Diabetic dbb mice were used for studies of protection against diabetes, nephropathy and wound healing in vivo after treatments with CoQ, carnosine and AX. In comparison to wild type mice itt was found that diabetic mice at 8 months of age exhibited loss of sensation, hypoalgesia, decreased mechanical hyperalgesia, cold allodynia and decrease sciatic nerve conduction velocity. Daily CoQ treatment during 6 months improved these pathological conditions to a large extent. The histochemical study showed a significant reduction in the proportion of medium-sized neuron profiles. The study on mice was followed up by a study on humans investigating the preventive effect of 3 months treatment with carnosine and CoQ on the development of diabetes and its complications. Recruitment of 40 prediabetic and 40 type 2 diabetic patients without significant complications. The investigations so far performed showed promising results and included as biomarkers serum concentrations of coenzyme Q10 and vitamin E, hydrogen peroxide generation status. Reactive oxygen species (ROS) was determined by free oxygen radicals testing (FORT). A large number of relevant urinary and serum biomarkers, and waist index were determined using with established methods. Diabetic peripheral sensory neuropathy was assessed, and subjects with excessive consumption of alcohol, or treatment with B12, as well as those with a history of myocardial infarction and renal failure were excluded from the study.

Potential Impact:
Scientific impact of the FUNCFOOD project:
# The challenge posed by this project was to enhance the health benefit from diets beyond the traditional nutrients by means of addition of bioactive ingredients. This goal was achieved by the step-wise approach providing robust scientific evidence for selecting active ingredients appropriate for inclusion in functional foods.
# By starting with experimental models, the research also included mechanistic aspects, in as much as the impact of protective agents on carcinogen uptake and metabolism in humans was predicted, as well as the mode of action of bioactive ingredients on the prevention of age related diseases.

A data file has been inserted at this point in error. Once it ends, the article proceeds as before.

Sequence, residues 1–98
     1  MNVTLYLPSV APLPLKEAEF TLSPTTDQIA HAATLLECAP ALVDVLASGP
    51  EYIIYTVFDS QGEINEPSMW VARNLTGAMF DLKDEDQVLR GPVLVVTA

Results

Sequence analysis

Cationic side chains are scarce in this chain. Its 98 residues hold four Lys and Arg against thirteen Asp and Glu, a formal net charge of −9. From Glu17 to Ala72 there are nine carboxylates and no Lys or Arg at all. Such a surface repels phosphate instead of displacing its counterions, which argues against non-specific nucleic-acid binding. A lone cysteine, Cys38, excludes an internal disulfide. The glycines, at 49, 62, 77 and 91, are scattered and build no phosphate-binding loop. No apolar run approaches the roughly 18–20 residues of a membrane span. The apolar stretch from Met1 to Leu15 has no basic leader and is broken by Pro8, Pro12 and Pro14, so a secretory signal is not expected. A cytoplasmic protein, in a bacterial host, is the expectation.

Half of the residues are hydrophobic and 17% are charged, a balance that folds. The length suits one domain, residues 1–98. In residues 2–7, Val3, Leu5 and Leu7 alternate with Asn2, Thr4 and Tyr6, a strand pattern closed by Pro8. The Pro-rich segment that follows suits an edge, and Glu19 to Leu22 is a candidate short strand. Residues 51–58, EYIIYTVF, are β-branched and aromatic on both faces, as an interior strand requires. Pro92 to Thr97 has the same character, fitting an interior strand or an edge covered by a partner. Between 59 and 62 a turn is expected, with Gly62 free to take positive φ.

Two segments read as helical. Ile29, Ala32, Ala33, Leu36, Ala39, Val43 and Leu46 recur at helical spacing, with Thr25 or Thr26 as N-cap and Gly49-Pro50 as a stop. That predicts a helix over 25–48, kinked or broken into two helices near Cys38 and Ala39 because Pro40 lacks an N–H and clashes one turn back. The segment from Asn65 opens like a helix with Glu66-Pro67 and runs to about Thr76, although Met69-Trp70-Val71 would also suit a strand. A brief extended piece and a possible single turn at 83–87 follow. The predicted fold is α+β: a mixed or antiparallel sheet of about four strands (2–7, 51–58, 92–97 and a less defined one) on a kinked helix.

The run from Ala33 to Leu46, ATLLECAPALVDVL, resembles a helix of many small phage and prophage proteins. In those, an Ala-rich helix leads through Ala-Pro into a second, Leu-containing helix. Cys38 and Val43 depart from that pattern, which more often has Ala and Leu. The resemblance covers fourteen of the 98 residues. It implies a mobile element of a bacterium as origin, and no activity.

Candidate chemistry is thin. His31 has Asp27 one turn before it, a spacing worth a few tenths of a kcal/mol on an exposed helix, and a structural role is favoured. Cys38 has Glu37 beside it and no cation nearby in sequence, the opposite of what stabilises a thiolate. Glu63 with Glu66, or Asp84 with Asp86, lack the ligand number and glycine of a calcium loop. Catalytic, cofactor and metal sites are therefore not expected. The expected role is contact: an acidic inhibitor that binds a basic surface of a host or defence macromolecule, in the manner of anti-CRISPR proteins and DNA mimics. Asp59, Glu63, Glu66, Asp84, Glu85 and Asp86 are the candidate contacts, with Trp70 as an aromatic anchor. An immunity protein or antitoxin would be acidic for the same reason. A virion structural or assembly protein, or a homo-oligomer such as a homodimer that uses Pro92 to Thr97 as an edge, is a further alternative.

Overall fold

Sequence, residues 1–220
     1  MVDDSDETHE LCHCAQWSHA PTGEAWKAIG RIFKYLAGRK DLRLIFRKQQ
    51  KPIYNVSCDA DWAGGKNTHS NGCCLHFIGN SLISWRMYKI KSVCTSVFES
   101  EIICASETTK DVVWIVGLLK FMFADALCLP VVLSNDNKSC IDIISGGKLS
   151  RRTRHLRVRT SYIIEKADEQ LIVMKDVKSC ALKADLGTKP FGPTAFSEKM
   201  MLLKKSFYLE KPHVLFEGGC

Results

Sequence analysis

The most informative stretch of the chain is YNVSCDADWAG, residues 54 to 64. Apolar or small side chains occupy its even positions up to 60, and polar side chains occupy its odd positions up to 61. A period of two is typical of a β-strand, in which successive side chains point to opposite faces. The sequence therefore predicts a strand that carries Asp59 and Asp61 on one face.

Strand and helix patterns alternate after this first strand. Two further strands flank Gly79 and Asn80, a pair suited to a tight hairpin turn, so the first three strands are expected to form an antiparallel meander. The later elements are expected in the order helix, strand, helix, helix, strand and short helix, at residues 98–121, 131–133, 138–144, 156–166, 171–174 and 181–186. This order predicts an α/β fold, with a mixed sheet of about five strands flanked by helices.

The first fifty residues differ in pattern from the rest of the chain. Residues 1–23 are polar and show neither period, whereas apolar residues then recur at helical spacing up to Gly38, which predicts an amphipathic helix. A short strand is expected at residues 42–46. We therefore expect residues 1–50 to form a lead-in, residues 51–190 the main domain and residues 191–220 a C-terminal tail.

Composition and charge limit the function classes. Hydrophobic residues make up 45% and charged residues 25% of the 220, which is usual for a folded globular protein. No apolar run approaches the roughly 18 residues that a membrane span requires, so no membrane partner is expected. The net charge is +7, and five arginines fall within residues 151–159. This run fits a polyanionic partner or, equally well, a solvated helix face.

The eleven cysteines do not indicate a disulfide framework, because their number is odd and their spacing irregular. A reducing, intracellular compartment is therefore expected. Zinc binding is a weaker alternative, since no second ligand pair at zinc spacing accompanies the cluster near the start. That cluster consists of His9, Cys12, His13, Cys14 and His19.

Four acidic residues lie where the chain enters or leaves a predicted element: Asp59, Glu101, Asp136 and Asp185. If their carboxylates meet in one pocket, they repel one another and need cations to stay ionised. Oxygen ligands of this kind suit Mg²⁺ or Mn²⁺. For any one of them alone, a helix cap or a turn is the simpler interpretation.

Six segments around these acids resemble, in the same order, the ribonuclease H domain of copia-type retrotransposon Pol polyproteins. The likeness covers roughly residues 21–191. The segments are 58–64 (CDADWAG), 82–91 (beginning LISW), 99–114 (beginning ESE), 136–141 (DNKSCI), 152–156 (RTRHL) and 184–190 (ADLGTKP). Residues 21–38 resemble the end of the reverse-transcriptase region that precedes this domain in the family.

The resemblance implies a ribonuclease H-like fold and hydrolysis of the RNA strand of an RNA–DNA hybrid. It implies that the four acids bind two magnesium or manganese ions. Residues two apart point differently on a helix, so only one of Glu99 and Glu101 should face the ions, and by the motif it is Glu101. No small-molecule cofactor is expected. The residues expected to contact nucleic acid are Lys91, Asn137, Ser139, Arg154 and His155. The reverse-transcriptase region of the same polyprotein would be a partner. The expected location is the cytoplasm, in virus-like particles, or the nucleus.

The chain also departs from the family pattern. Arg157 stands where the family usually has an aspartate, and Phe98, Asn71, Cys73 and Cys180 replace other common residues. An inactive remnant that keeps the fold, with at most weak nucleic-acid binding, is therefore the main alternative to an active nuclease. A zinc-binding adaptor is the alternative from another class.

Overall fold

# The results achieved indicated that experimental in vitro and in vivo data could be predictable for humans in the sense that it provides rather qualitative than quantitative detection of preventing activity.
# Concerning the results on humans, several of the biomarkers showed evidence for detecting preventive mechanisms of background exposure, e.g. decreasing genotoxic risk, and risk for diabetes complications and CVD.
# Assessed by the biomarkers used in the humans in intervention, fresh and freezed-dried blueberry showed convincing evidence for being protective against cancer diabetes complications and CVD.
# Based on the overall results of over 300 biomarkers, astaxanthine, tomato extract and chlorophyllin showed probable evidence for being protective against cancer, whereas Gentiana extracts are suggested to have no or limited protective activity to any of the diseases.
# The results from the human intervention with all five antioxidants showed protective response at individual level to antioxidant intake only when background levels of chromosomal damage were indicated.
# In the cohort 100 individuals of different categories, several life-style factors were identified to influence genotoxic risk. Smoking, alcohol consumption and medical therapy were the most important for enhanced risk for cancer. The most important for protection were antioxidant intake and being a vegetarian.
# A tool was constructed for prediction of genotoxic risk which will be further developed and evaluated in forthcoming studies on human cohorts.

Socio-economic impact and social implications
# We here provided solid scientific data supporting that selected bioactive compounds in this project can be included in functional foods with potential health benefits for prevention and treatment of age related diseases.
# Identification of bioactive compounds for which dubious health claims have been made, can here on scientific grounds be neglected for being used in foods.
# We hereby verified that several of the biomarkers used in this project could monitor the beneficial effects of functional food constituents on human health.
# Data generated here can be explored in models for risk estimation as a basis for dissemination to the public in order to improve health status.